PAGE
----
In an effort to encourage drivers to make the electric vehicle switch to reduce emissions, the government has been subsidising 35% of the price of specific models of electric vehicles. This grant previously stood at £3,000.
As demand has increased rapidly, however, this has now been reduced to £2,500 and will exclude any models with a price of over £35,000.
The reduction has been met with contempt, particularly by car manufactures whose electric vehicle ranges will now be excluded from the grant scheme. Ford is one of those impacted manufactures and chairman, Graham Hoare, has expressed his disappointment in the reduction:
‘Today’s news from the UK Government that plug-in grants for passenger and commercial vehicle customers are being reduced is disappointing and is not conducive to supporting the zero-emissions future we all desire.’
He went on to express that without solid incentives that consumers can rely on, there may be a lack of uptake in the future:
‘Robust incentives – both purchase and usage incentives – that are consistent over time are essential if we are to encourage consumers to adopt new technologies, not just for all-electrics but other technologies too like plug-in hybrid electric vehicles that pace the way to a zero-emissions future.’
Nicholas Lyes, head of roads policy at the RAC, also shares in these concerns, revealing that he believes ministers ‘talk-the-talk when it comes to encouraging people into cleaner vehicles, but cutting the Plug-In Car Grant certainly isn’t walking the walk.’
Mr Lyes also stated that upfront costs remain a deterrent to drivers considering switching to electric vehicles, and thus the reduction in the grant is even more cause for concern:
‘Even though more models are coming on to the market, our research suggests upfront cost remains a concern to drivers when comparing the cost of an electric vehicle with a similarly sized conventional vehicle.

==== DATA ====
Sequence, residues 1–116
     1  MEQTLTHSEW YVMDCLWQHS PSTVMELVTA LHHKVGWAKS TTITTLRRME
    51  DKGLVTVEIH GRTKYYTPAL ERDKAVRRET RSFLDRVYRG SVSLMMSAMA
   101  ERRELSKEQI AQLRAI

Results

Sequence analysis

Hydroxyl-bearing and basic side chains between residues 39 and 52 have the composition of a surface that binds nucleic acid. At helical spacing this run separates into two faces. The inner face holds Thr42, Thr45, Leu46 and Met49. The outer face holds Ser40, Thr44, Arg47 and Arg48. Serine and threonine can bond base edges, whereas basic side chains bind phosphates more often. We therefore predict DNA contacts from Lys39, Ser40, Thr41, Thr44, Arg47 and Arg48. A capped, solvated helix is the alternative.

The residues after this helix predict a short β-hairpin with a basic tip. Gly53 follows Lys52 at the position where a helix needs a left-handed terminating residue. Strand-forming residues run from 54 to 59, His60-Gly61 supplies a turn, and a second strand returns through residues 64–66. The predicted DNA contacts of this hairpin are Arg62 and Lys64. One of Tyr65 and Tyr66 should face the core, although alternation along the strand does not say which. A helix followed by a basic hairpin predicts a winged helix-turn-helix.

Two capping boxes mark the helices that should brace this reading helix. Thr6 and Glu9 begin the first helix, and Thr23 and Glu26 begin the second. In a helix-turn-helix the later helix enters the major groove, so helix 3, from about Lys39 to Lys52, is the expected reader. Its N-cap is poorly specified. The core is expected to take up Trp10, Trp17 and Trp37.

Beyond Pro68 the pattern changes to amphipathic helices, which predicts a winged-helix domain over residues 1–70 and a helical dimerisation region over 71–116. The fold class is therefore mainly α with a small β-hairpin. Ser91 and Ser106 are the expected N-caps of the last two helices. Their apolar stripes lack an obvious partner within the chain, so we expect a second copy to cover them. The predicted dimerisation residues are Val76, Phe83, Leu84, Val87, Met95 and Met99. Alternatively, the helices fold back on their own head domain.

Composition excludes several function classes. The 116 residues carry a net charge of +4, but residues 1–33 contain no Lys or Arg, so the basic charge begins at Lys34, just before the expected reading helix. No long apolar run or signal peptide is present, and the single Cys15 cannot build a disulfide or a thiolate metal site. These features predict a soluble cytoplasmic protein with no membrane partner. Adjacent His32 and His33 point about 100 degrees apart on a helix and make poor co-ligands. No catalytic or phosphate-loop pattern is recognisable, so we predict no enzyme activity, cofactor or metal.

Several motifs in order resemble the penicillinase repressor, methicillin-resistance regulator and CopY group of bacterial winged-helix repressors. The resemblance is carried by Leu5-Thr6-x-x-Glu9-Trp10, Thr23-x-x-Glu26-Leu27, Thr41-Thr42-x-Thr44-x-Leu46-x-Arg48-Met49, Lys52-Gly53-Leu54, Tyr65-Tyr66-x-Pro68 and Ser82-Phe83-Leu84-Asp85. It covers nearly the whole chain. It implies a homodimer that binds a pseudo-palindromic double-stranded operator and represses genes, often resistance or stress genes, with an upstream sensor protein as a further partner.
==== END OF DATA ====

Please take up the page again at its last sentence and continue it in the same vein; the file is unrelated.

‘By cutting the grant, the Government may risk people holding onto their older, more polluting vehicles for longer.’
This would, of course, have a negative impact on the government’s plan to ban the sale of new petrol and diesel vehicles by 2030 and could hold the country back in its go-green scheme.
Chief executive at the Society of Motor Manufacturers and Traders, Mike Hawes, commented that the news of the grant slash has is the ‘wrong move at the wrong time’ and is concerned about the message it sends to drivers:
‘This sends the wrong message to the consumer, especially private consumers, and to an industry challenged to meet the Government’s ambition to be a world leader in the transition to zero-emission mobility.’
[Image Source: Shutterstock, March 2021]
Support for reduced electric vehicle grant
Despite the disappointment and concern the reduction in the electric grant vehicle has caused for motoring experts and drivers alike, others have spoken out to support the move.
In a comment referring to the ineligibility of more expensive vehicles for the grant, Whitehall sources told the Times that a reduction was the right decision, stating that taxpayers should not be subsidising people to buy cars for £50,000.’
In an attempt to quell concern, Transport Minister Rachel Maclean explained the reasoning behind the reduced grant:
‘We want as many people as possible to be able to make the switch to electric vehicles as we look to reduce our carbon emissions, strive towards our net-zero ambitions and level up right across the UK.
‘The increasing choice of new vehicles, growing demand from customers and rapidly rising numbers of charge-points mean that, while the level of funding remains as high as ever, given soaring demand, we are refocusing our vehicle grant on the more affordable zero-emissions vehicles – where most consumers will be looking and where taxpayers’ money will make more of a difference.’
She concluded by reassuring drivers and manufactures alike: ‘We will continue to review the grant as the market grows.’
However, many experts remain unconvinced. Jim Holder, What Car? editorial director summed up the shared concern by saying:
‘While it was inevitable the carrot of the grant would whittle down over time and eventually be replaced by punitive measures, this feels too soon to take another step on that journey. The 2030 combustion only ban was announced with much fanfare- the thinking behind how to make the transition to that goal appears to be worryingly muddled, with this decision being further evidence of that.’
Are you looking to make the switch to an electric vehicle? Will the reduced grant impact your decision? Or do you think the government were right to make the cut?
Let us know your thoughts in the comments.